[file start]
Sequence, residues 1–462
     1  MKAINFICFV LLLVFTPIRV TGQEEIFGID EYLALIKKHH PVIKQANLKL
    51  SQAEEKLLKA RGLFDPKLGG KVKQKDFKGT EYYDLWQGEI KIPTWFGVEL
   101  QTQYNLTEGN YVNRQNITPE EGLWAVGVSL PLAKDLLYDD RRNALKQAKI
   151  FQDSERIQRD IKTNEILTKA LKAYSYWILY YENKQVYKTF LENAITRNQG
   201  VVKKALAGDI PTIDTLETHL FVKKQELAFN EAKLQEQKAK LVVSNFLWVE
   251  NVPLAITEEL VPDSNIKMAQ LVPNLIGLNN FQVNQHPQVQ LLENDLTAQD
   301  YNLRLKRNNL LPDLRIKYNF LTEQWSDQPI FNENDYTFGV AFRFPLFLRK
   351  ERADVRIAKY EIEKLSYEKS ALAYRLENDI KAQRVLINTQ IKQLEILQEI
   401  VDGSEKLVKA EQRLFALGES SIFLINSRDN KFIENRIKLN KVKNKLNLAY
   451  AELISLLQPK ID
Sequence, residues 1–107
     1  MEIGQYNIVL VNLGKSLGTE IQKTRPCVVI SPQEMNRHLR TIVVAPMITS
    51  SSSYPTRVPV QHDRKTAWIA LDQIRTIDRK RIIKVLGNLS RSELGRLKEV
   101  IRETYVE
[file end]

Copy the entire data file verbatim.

Sequence, residues 1–462
     1  MKAINFICFV LLLVFTPIRV TGQEEIFGID EYLALIKKHH PVIKQANLKL
    51  SQAEEKLLKA RGLFDPKLGG KVKQKDFKGT EYYDLWQGEI KIPTWFGVEL
   101  QTQYNLTEGN YVNRQNITPE EGLWAVGVSL PLAKDLLYDD RRNALKQAKI
   151  FQDSERIQRD IKTNEILTKA LKAYSYWILY YENKQVYKTF LENAITRNQG
   201  VVKKALAGDI PTIDTLETHL FVKKQELAFN EAKLQEQKAK LVVSNFLWVE
   251  NVPLAITEEL VPDSNIKMAQ LVPNLIGLNN FQVNQHPQVQ LLENDLTAQD
   301  YNLRLKRNNL LPDLRIKYNF LTEQWSDQPI FNENDYTFGV AFRFPLFLRK
   351  ERADVRIAKY EIEKLSYEKS ALAYRLENDI KAQRVLINTQ IKQLEILQEI
   401  VDGSEKLVKA EQRLFALGES SIFLINSRDN KFIENRIKLN KVKNKLNLAY
   451  AELISLLQPK ID
Sequence, residues 1–107
     1  MEIGQYNIVL VNLGKSLGTE IQKTRPCVVI SPQEMNRHLR TIVVAPMITS
    51  SSSYPTRVPV QHDRKTAWIA LDQIRTIDRK RIIKVLGNLS RSELGRLKEV
   101  IRETYVE